Freedom Day last Wednesday. Had coffee in a café for the first time in, I don’t know, five months, was it? Had lunch in a restaurant the next day. Oh joy, free at last! My club even let me in on Friday to use the gym. When will this freedom ever end? Well, it could end tomorrow, of course, if Perrottet is panicked by dire predictions from NSW health minister Brad Hazzard or by chief health officer Kerry Chant. Methinks I shouldn’t make plans too far ahead, when hysterics have the ear of Dear Leader.
The first comment from a reader could be read as taking issue with my sentiment:
Freedom Day is fake concocted bullshit that makes me particularly outraged. I was free the day I was born into this world. Never forget what they have taken away from us.
I’ve expressed similar outrage. Our freedoms to speak freely, to assemble, to travel, to engage in the ordinary business of life are God-given, I’ve written. So they are, but rulers and governments can take them away, as they have throughout most of history. The people of Hong Kong are feeling it now, as are the women in Afghanistan, as did the East Germans before the wall came down, as did dissenters in revolutionary France.
But wait, there is no need for the past or foreign parts in order to tell the tale. Lest we forget: remember the pregnant lady in Ballarat handcuffed and hauled away for exercising her free speech via a Facebook post; the peaceful protestors in Melbourne bombarded with rubber bullets; and the middle-aged lady knocked to the ground and pepper sprayed in her face from close range by a male police officer, sworn to protect her, for daring to object to the rules made on high.
America’s founders had it right in 1791, in drawing up the Bill of Rights; the first ten amendments to the Constitution. All of these amendments had to do with protecting the individual citizen from government. How can that be? Elected by the people, for the people. It can be so because many of those seeking political power are corrupt. Their goal isn’t to serve the public, it’s to wield power. They have what amounts to personality disorders. This has to be recognised and countered as America’s Founding Fathers tried to do. Unfortunately, as the virus has shown, they didn’t try hard enough. And that certainly applies in Australia and in most regions and countries now laughingly making up what used to be called the Free World.
Normally, when selecting people for occupations which allow them to carry truncheons, guns and other means of exerting power, we recognise that bad eggs might apply. Police forces and armed forces are the prime examples of such occupations. Measures are put in place to spot and weed out thugs and psychopaths. Obviously, this is by no means foolproof, as the police thuggery in Victoria showed. Nevertheless, society is aware of the problem. It’s about time we all started to be aware of the much greater problem of dysfunctionality among politicians. And, accordingly, supported new iron-clad constitutional restraints on their power.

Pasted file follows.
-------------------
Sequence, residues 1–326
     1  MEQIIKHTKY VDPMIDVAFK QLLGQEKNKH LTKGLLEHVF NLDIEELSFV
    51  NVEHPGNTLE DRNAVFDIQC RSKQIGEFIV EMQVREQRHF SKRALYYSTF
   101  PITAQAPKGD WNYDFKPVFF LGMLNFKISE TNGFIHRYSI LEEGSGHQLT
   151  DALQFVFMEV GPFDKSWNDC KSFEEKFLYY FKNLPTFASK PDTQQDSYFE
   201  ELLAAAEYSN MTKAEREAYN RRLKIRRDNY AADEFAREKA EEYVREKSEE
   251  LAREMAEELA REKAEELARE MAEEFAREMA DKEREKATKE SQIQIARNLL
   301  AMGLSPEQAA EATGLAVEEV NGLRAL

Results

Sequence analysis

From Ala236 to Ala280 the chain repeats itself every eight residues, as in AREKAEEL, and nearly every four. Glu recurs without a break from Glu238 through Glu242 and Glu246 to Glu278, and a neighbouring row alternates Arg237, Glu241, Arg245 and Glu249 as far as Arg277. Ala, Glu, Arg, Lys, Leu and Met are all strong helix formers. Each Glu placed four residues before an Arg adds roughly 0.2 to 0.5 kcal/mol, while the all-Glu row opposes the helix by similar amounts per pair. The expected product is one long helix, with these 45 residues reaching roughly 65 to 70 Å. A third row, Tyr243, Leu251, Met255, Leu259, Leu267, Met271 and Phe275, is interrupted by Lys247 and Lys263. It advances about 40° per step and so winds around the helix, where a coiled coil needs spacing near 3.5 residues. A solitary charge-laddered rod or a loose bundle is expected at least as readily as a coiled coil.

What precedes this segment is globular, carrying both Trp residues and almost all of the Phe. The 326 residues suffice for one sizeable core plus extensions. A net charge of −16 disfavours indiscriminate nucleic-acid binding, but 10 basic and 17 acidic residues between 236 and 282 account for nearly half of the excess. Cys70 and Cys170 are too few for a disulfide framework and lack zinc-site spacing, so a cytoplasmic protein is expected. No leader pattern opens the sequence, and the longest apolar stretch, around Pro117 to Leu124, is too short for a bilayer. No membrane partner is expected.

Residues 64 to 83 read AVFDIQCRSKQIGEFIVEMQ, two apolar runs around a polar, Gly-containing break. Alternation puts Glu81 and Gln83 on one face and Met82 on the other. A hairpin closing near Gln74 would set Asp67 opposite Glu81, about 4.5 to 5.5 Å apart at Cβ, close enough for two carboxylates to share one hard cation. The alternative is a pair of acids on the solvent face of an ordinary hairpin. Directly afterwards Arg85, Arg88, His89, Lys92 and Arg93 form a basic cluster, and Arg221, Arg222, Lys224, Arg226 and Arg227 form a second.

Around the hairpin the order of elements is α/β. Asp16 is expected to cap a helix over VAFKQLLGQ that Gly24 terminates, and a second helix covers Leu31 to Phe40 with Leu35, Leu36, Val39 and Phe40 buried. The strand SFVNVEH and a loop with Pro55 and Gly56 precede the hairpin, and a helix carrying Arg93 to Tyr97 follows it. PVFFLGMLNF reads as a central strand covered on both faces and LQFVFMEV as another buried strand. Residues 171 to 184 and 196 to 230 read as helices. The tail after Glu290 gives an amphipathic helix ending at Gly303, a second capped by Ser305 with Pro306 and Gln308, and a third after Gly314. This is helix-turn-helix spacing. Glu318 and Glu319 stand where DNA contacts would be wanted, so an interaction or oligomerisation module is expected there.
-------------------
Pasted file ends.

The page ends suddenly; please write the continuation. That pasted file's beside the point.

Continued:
You might have caught yourself saying: I couldn’t tout myself, compromise and genuflect, for years on end, before party branches, party bigwigs and then out on the hustings in a desperate bid to grasp the prized seat. Of course you couldn’t. But then you don’t have the same lust for power over your fellows. You just want to get on with a productive and fruitful life as best you’re able.
These people who represent us, more likely than not, are not like us at all. You see the problem. We’re being represented by the unrepresentable. Doubt this, then think about the premiers of Victoria, WA and Queensland. Who could they ever elect to represent them? King George III in his latter days?
I made the mistake of looking forward to Perrottet becoming premier. I mistook him for one of us. Immediately he extends the tenure of vaccine passports. On a dime he switched last week from living with the virus to COVID-panic mode. For some reason not borne out by science or logic, or even hospital admissions and deaths, I have to wear a completely useless mask again inside the foyers and lifts of my apartment building and when shopping etc. QR codes are back. Disobey and these are some of the penalties determined by diktat by those who we elect to serve our interests:
For breaching a public health order. In the case of an individual, the maximum penalty is $11,000, or imprisonment for 6 months, or both and a further $5500 penalty may apply for each day the offence continues. The NSW Police may also issue on-the-spot fines to individuals of
♦ $1,000 for breach of a public health order
♦ $500 for failure to comply with a direction to wear or carry a mask for those aged 18 years or older
But annoying inconveniences and ridiculously onerous penalties are simply the tip of a fetid iceberg. They get nowhere near the sheer unadulterated despotism of vaccine mandates. It’s reasonable to prevent those suffering from a deadly transmissible disease from interacting with others socially and at the workplace. Now, imagine if you can, a situation – and it’s barely imaginable – in which a healthy unvaccinated person is excluded from interacting, while a sick and contagious vaccinated person (Typhoid Bill, so to speak) faces no obstacles. That’s silly. Couldn’t happen.
Well it is happening. It’s rife. Most of those contracting the virus and passing it on are vaccinated.
Those identified as close contacts and spending the (Merry) Christmas season in isolation should understand that those with whom they have come into contact will almost certainly have been fully vaccinated. Surely pollies can figure that out? Apparently not.
Should have mentioned. Many politicians are not simply power hungry, they seem to be short of enquiring and logical minds. That too might come with the territory.